Executive greed, dishonest politicians, and celebrities living out-of-control lifestyles . . . You’d think these things would infuriate us. Instead, people excuse it away by claiming “Everybody does it.” And that’s supposed to make it acceptable. Does this mean that we find this behavior right?
Unfortunately, we’ve become so accustomed to these ills that we’re becoming complacent and even accepting. Is this the way we choose to live our lives? Do our kids view these folks as role models? Do we want our children to live this way? If not, where’s the outrage?
The truth is, every time we turn our back to this cancer spreading through our society –– we’re condoning it. Every time we excuse cheating, dishonesty, corruption, violence, intolerance, adultery, greed, and lawlessness, we become part of the problem rather than part of the solution. As Edmund Burke, the statesman, said, “The only thing necessary for the triumph of evil is for good men to do nothing.”
Everyone knows this is unacceptable behavior, but we continue to wait for someone else to make the first move. It reminds me of a horrific incident that took place in Queens, New York, in March 1964. One early morning, thirty-eight respectable, law-abiding citizens watched a killer stalk and stab a woman in three separate attacks in Kew Gardens and didn’t call the police. According to The New York Times:
“As we have reconstructed the crime,” he [police inspector] said, “the assailant had three chances to kill this woman during a 35-minute period. He returned twice to complete the job. If we had been called when he first attacked, the woman might not be dead now.”
. . . The police stressed how simple it would have been to have gotten in touch with them. “A phone call,” said one of the detectives, “would have done it.”
The brutal murder of Kitty Genovese and the disturbing lack of action by her neighbors became emblematic in what many perceive as an evolving culture of violence and apathy in the United States. Is that who we are? Have we become too complacent, apathetic, or lazy to stand up for what’s right?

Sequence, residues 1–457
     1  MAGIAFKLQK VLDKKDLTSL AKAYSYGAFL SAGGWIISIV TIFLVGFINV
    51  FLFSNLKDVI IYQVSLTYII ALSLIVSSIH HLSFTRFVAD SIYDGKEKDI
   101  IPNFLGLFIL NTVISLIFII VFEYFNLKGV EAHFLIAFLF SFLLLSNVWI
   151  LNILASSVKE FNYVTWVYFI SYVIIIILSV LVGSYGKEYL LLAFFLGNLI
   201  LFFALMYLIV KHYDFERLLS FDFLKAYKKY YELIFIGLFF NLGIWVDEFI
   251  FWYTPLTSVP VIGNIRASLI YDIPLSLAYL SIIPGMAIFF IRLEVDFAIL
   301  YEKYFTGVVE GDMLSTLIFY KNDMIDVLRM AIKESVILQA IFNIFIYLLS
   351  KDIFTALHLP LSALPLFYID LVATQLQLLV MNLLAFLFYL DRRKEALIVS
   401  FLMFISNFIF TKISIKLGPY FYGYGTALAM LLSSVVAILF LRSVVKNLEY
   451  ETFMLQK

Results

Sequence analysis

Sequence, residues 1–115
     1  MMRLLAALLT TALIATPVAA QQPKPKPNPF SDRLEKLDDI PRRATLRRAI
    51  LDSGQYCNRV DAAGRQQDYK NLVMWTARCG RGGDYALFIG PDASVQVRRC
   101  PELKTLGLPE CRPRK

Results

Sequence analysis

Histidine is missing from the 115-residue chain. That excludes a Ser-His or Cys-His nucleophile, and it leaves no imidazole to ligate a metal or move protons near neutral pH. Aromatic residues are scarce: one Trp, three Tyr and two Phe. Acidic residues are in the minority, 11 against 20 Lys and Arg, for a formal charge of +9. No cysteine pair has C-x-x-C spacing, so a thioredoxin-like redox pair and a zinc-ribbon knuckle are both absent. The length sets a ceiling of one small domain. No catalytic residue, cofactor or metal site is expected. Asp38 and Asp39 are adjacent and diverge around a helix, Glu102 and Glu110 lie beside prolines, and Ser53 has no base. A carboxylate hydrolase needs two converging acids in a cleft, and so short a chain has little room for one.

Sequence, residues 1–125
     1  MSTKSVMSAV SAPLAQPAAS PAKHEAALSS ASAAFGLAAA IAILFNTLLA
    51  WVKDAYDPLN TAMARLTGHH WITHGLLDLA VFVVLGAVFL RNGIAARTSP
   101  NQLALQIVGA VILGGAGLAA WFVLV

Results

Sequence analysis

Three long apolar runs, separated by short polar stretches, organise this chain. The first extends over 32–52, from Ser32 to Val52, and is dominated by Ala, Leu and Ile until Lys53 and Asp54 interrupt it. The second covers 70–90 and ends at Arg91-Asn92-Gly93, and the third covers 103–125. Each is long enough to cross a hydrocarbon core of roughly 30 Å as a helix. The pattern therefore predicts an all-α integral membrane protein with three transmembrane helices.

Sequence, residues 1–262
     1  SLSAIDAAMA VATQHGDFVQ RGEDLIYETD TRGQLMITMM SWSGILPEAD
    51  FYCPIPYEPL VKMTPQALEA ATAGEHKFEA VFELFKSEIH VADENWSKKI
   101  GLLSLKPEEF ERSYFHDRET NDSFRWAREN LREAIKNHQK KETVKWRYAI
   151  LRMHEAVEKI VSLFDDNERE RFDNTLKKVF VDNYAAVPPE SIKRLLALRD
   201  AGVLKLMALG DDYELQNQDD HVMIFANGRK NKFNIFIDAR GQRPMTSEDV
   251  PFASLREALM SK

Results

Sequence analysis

Whenever there’s dishonesty, greed, bigotry, violence, theft, or drug abuse, we become outraged. The incident becomes a “media fest” for a few days, and then it’s out of sight, out of mind. Our politicians talk a good game, but it seems that they’d rather score points against the opposition than address the problem. Meanwhile, the media outlets spin the news to fit their political persuasions and score some rating points, and the PR folks follow close behind, like ambulance chasers, trying to find creative ways to put lipstick on a pig. And all the while, we quietly sit by, idly waiting for the dust to settle and for the chorus “Enough is enough” to ring out. Instead . . . after things settle down . . . you hear people reason it away with “Everybody does it,” and like magic, that excuse is supposed to make it better. The truth is, if we don’t stand up and protect the values that we hold dear, we have no right to complain when they disappear forever. As Joseph de Maistre, the French philosopher said, “In a democracy, people get the government they deserve.” The same is true of our cultural norms.
Excuses, Excuses: It’s Time to Speak Up or Shut Up
If you find yourself asking, what is our world coming to? — you’re not alone. I long for a time when trust, honor, and integrity are once again valued; a time when a promise is kept at all costs, when your word is your bond, and when we do what is right simply because it’s the right thing to do. It’ll be a simpler time when a handshake means something, when you don’t have to look over your shoulder, and when your reputation will be as valuable as gold. We can look forward to a kinder and gentler world in which we work hard for everything we earn because that’s how we were raised and how our parents were raised before us.
Times may have changed, but our values should remain unchanged. We can, and we must, bring back these sacred values. That process begins by rejecting the claim that “Everybody does it” is an acceptable excuse whenever disgraceful behavior rears its ugly head. The fact is, it’s simply not true! I don’t do it and you don’t do it, and neither should they. They are the deviants of our society and should be made to feel that way.
This will only change, however, when deviant actions have consequences, and the offenders are held to account. Thirty-eight people in Queens could have saved a woman’s life by simply making a telephone call. We too can make this a better world by rejecting this lame excuse and shunning those who behave immorally. As William James, the American philosopher, said, “Act as if what you do makes a difference. It does.”